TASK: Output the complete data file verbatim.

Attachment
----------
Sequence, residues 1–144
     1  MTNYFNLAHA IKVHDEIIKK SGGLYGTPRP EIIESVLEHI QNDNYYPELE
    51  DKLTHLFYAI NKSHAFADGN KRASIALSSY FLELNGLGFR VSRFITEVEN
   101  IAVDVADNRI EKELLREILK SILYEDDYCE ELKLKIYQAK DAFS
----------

Sequence, residues 1–144
     1  MTNYFNLAHA IKVHDEIIKK SGGLYGTPRP EIIESVLEHI QNDNYYPELE
    51  DKLTHLFYAI NKSHAFADGN KRASIALSSY FLELNGLGFR VSRFITEVEN
   101  IAVDVADNRI EKELLREILK SILYEDDYCE ELKLKIYQAK DAFS